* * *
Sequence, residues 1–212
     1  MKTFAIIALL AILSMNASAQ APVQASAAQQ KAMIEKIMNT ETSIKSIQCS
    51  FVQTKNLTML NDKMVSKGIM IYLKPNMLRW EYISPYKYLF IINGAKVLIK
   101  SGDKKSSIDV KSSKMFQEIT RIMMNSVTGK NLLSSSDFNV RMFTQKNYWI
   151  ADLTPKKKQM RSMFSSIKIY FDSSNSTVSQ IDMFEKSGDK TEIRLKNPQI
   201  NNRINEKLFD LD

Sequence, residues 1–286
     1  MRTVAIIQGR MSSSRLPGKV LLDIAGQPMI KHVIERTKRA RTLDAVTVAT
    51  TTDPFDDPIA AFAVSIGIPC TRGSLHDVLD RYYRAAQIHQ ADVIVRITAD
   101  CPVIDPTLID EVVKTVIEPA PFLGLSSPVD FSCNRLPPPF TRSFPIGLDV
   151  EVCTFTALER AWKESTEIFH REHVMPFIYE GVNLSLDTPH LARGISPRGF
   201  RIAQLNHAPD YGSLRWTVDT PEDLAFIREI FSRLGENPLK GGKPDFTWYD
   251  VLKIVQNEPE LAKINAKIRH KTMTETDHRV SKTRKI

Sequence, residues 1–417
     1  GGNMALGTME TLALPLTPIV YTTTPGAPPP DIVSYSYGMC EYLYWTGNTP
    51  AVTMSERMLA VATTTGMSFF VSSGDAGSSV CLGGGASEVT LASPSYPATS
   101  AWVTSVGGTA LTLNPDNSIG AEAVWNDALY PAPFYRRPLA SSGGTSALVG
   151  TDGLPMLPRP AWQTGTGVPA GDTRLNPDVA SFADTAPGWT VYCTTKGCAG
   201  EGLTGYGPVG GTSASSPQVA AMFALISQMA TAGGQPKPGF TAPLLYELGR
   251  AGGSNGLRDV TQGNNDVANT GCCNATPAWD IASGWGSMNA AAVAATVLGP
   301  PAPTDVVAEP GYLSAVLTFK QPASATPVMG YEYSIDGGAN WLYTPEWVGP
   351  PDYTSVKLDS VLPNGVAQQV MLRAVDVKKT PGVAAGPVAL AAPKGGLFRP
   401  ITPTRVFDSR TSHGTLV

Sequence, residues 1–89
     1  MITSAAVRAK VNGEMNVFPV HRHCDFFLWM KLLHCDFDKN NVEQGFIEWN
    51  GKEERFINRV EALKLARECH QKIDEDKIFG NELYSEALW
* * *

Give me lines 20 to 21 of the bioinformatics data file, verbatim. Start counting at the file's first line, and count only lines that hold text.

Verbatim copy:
   251  AGGSNGLRDV TQGNNDVANT GCCNATPAWD IASGWGSMNA AAVAATVLGP
   301  PAPTDVVAEP GYLSAVLTFK QPASATPVMG YEYSIDGGAN WLYTPEWVGP